Under-development solar panels snap together and turn waste heat into hot water

The project is being developed at Brunel University London.

September 13, 2018 |

Images courtesy Brunel University London

The more sunlight solar panels receive, the hotter they get. The hotter they get, the more inefficient they become at converting energy into electricity. A new modular solar panel currently under development at Brunel University London solves this issue by using heat pipes to gather this excess heat and use it to produce a building’s hot water.

PVadapt aims to perfect a flexible solar powered renewable energy system that generates both heat for hot water and electricity. “With our system, there is no waste heat,” said Technical Co-ordinator, Professor Hussam Jouhara, who invented the multifunctional Flat Heat Pipe. The panels cost about $340 each and can be used in social housing, public buildings and offices, and even in developing countries and off-grid.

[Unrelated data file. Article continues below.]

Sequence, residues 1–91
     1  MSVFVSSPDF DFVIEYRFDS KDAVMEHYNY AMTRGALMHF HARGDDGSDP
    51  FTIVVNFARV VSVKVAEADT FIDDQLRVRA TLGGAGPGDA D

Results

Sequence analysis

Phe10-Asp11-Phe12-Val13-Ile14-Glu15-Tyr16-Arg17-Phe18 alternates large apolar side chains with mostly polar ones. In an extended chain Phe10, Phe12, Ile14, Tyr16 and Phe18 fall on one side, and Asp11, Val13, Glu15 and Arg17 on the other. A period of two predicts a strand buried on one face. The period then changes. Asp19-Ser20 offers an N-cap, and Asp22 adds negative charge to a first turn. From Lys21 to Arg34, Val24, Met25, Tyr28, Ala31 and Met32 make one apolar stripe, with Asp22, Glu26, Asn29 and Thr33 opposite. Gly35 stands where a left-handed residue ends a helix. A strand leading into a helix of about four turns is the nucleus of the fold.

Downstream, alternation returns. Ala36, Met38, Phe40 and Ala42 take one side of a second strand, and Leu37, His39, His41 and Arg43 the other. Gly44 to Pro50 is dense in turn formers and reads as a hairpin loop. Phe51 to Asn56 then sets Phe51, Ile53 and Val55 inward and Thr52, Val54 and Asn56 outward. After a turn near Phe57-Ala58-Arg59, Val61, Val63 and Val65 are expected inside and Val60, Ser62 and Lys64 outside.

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The panels can be installed quickly on-site thanks to the design that allows them to clip together as a weather-tight roof. The project team describes this process as being as simple as clipping together LEGOs or laminate flooring. For a more detailed look at how the product is clipped together on-site, take a look at the diagram below.

 

 

PVadapt will soon be used in multiple pilot projects across eight buildings, both residential and commercial, in Spain, Greece, Austria, and Portugal. Horizon 2020 is funding the project.

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